I heard these lines recently in a movie. They made me laugh.
“Isn’t it too early to be drinking?” he said.
“No,” she said. ” I’m awake.”
The line had stayed with me many years after the laughter faded, replaced by memories of work, reporters, bars, and pubs from New York to Saigon. As a reporter, I covered Presidential politics from 1962 to 2001. From JFK to Bush, Jr. As a newbie reporter, I saw veteran correspondents fueling up with multiple Bloody Marys as we began our day on the political or campaign trail.
I was impressed. During my rookie year, I summoned up enough courage to question one famous reporter who had begun his career working with Edward R. Murrow. He was on his third Bloody Mary — in one 10-minute period.
“Isn’t it too early to be drinking?” I asked, slowly and politely.
The veteran reporter who’d covered FDR, World War II in the trenches, and the McCarthy Hearings, among other assignments. He looked at me for a long moment, then finished his drink.
“Is it too early to be drinking?” he repeated my question and ordered another Bloody. “No, I’m awake!”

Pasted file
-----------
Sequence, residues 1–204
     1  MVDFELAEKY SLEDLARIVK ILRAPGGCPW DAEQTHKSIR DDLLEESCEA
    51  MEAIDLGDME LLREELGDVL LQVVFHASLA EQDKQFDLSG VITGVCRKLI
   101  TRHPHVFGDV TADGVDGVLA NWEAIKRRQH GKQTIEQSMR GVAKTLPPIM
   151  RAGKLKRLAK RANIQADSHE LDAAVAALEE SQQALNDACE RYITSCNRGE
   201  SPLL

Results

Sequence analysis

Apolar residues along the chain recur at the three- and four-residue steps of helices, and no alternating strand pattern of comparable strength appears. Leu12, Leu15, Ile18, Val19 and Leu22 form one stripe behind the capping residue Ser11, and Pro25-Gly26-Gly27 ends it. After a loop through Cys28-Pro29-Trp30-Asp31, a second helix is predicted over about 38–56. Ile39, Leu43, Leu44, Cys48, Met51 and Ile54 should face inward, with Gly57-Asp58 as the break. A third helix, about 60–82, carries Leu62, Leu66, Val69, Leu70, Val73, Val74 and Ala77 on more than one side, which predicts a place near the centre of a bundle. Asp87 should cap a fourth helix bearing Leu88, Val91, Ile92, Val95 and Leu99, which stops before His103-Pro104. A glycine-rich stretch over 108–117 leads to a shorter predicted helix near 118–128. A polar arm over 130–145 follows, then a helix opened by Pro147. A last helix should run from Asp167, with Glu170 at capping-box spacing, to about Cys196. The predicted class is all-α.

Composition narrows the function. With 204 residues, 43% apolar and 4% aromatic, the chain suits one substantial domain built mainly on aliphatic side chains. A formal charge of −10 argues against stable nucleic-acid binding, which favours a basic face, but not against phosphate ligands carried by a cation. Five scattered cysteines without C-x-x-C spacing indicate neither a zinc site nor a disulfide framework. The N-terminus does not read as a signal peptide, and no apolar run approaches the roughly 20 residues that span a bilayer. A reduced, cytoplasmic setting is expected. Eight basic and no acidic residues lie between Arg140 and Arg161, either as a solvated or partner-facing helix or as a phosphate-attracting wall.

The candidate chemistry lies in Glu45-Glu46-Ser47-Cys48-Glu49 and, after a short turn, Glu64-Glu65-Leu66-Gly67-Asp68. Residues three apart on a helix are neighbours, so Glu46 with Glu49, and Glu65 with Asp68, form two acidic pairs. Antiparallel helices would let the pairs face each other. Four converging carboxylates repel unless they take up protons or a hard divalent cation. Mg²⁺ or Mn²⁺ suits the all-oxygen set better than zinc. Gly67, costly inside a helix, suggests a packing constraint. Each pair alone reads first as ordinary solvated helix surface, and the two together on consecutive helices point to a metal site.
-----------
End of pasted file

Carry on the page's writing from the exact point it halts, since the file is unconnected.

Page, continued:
I shook my head in amazement and admiration. He was clearly fortifying himself for the day to come. It would be another long day on the road. Cold, dreary, and filled by interviews with people from pompous to angry to clueless when asked about election issues and the candidates.
I remember one fellow decked out in a hunting outfit, cradling a shotgun. He sneered when answering my questions. When finished, he said “Figures the media is not tellin’ the truth. A Negro askin’ me stuff about that Catholic in the White House. That’s what’s wrong with our country.”
The veteran reporter had overheard the conversation. He gave me a wry smile.
Years later, I shared the story with “Tip” O’Neill, Speaker of the House and a personal friend. He laughed so hard the bar seemed to shake. Then he looked angry for a moment, patting me on the shoulder with a huge sigh.
Tip with Boston pols
Garry with Tip O’Neill
“Garry,” he said, “Here’s looking at you, kid!” The Political Legend smiled as we clinked glasses. “Some days, it’s never too early to start drinking,” O’Neill concluded. And ordered one more round.